interpreter features

Eray Ozkural (exa)
Tue, 30 Oct 2001 09:56:26 +0200

Hash: SHA1

On Tuesday 30 October 2001 09:08, Johannes Waldmann wrote:
> > But        Prelude> let {type T = Int;  n = 1 :: T}
> > does not.
> yes, local type declarations would be nice (not just for ghci)
> but that requires serious design work (in the type and module system).
> See the recent paper on first class modules posted here.

What about my idea? Can't there be a module, say called *interpreter* which 
you can add and remove definitions from on-the-fly? That might not be too 
hard to implement.

Ah, if only I had an "eval" function.

> > I would like too Haskell to behave like a good interpreter, with
> > self-applicability, dynamic features, like, maybe, some Lisp systems do.
> If I want LISP, I use LISP, but most of the time I want strict typing
> at compile time, and therefore I use Haskell. Sometimes, I end up
> writing (in Haskell) mini-interpreters (for some domain-specific language).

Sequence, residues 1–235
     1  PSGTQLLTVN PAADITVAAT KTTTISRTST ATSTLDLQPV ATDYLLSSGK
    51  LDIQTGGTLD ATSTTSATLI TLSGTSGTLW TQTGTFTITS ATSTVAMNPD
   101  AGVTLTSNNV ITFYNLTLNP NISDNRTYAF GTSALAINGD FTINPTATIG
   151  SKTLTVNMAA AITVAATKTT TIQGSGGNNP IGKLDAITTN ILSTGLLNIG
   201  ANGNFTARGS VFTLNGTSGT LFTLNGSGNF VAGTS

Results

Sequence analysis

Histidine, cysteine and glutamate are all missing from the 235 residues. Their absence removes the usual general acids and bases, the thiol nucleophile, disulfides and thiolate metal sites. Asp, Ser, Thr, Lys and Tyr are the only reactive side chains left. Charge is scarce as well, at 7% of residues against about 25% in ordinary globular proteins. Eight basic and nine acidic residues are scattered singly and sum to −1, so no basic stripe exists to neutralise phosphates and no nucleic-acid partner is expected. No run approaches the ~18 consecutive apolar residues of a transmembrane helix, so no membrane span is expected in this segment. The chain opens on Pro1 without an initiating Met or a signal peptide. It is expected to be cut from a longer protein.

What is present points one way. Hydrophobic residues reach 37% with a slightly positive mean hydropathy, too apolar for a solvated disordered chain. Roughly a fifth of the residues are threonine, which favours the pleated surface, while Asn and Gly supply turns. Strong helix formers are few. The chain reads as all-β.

> Seems like a reasonable compromise.

Yes, but I don't think an interpreter has much to do with dynamic typing. 
There are interpreters for all sorts of languages. It ought to be possible to 
get more interactive after all. ;)

Something that would put you tighter in the loop. Without having to go back 
to the editor edit stuff, reload from interpreter, choke on error, see what 
went wrong, etc. Just scratch some code on the CLI, see what you've defined 
so far, edit the current module, and evaluate what you want to. That should 
be easier than adding new semantics to the language. Kind of like a small 
text editor embedded in the interpreter, isn't that an original idea? :P


- -- 
Eray Ozkural (exa) <>
Comp. Sci. Dept., Bilkent University, Ankara
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